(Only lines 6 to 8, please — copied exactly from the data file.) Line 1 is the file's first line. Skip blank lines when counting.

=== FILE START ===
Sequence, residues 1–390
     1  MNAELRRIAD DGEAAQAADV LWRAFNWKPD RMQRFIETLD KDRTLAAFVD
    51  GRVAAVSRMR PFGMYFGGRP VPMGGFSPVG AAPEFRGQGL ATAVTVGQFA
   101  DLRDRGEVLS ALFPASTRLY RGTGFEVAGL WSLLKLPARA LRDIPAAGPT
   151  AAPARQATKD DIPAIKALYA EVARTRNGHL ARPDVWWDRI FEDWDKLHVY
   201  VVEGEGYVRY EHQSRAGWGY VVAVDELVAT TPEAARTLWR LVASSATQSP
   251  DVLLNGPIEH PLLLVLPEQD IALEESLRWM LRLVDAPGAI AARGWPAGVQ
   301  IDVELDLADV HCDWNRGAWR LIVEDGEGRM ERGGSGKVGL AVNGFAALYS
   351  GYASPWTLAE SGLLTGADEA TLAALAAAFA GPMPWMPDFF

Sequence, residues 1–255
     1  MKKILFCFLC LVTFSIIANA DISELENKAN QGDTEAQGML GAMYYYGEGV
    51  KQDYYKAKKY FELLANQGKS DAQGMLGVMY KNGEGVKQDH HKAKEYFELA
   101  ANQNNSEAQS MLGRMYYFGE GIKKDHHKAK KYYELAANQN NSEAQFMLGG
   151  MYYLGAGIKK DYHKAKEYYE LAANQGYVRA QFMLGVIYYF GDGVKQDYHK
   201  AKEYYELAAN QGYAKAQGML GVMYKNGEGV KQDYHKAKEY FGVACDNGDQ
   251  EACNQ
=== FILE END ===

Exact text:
   201  VVEGEGYVRY EHQSRAGWGY VVAVDELVAT TPEAARTLWR LVASSATQSP
   251  DVLLNGPIEH PLLLVLPEQD IALEESLRWM LRLVDAPGAI AARGWPAGVQ
   301  IDVELDLADV HCDWNRGAWR LIVEDGEGRM ERGGSGKVGL AVNGFAALYS